There’s a new and free tool available for consumers who are looking to boost their credit scores. UltraFICO was rolled out in late 2019 as a method of rewarding good financial habits that are unrecognized by current credit scoring models, and it could help millions of Americans.
UltraFICO can help anyone, but will be most beneficial for young people, immigrants with limited credit histories, or those with credit scores that fall in the grey area from the upper 500s to the lower 600s (or just below a lender’s cutoff).
Currently, credit scores are primarily determined by your track record of paying off debts, and your debt-to-income ratio. With UltraFICO, a consumer grants permission to contribute information from banking statements, including the length of time accounts have been open, frequency of activity, and evidence of saving. If you manage your money well, the combination of the existing factors and new UltraFICO categories could provide a nice bump to your credit score.
“This changes the whole dynamic of the lender and customer relationship,” Jim Wehmann, executive vice president, Scores, at FICO said in a release. “It empowers consumers to have greater control over the information that is being used in making credit risk decisions. It also enables a deeper dialogue between the consumer and lenders to help both parties make better financial decisions. It’s a game changer.”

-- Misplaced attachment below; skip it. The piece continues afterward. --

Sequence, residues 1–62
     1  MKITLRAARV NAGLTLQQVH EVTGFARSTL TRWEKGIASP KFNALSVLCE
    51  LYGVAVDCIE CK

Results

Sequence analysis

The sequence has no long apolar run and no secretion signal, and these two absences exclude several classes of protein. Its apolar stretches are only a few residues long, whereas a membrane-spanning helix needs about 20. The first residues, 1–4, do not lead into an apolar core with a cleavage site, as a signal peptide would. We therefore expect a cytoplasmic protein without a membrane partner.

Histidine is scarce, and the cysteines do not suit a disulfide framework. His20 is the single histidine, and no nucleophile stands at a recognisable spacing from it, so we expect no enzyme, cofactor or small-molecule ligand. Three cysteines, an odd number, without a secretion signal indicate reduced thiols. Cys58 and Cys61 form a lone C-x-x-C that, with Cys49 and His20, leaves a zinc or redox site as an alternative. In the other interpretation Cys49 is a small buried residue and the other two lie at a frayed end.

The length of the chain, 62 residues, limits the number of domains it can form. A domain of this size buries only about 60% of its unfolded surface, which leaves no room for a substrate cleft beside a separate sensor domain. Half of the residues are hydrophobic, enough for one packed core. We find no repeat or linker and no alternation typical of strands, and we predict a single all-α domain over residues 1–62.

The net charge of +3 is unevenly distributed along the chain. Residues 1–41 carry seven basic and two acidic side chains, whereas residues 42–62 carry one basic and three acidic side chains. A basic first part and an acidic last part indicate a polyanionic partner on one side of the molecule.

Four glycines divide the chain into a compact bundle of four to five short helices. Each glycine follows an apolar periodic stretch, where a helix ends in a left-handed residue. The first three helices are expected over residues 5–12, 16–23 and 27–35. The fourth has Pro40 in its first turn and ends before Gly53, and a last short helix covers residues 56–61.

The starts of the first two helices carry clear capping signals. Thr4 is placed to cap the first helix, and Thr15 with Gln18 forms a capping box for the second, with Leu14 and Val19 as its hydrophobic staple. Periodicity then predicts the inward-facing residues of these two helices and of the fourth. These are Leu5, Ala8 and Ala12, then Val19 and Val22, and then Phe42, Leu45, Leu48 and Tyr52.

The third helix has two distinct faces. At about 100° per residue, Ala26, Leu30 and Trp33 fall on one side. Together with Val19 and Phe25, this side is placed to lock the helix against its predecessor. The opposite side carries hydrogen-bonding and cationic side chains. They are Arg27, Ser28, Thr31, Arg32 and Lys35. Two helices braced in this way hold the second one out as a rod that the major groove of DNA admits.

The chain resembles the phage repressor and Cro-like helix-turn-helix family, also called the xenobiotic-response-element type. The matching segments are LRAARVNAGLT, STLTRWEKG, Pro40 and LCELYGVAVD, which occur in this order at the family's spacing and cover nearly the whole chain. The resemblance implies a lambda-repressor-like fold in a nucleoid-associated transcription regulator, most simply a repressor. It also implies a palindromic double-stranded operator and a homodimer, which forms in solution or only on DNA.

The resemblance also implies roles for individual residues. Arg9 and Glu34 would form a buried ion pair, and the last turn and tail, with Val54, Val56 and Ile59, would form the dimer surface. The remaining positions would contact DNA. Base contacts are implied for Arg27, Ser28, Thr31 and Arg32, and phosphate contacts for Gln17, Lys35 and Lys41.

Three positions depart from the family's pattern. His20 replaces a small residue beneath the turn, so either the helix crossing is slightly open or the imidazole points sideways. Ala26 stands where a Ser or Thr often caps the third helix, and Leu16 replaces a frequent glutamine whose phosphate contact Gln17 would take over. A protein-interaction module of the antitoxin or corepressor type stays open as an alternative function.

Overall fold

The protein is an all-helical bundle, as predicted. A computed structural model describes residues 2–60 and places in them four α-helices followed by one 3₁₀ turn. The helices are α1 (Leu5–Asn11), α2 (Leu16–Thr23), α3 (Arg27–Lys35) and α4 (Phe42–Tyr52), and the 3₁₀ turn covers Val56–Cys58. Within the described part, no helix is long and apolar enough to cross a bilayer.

This fingerprint of your financial DNA impacts many areas of your life: the interest rates on your credit cards and loans, your ability to borrow money, and even future employment, as many HR departments will do a credit check to help learn more about your character during the interview process.
While many applaud this new opportunity to increase credit scores, some have cited two concerns. One is that consumers will be revealing more personal information to financial firms, which is concerning given the multiple hacks that have occurred over the last few years. The other is that higher credit scores will possibly encourage more borrowing by consumers, promoting the behavior that led to lower scores to begin with.
UltraFICO is free for consumers, but you must opt-in. For more information or to sign-up, visit www.fico.com/ultrafico.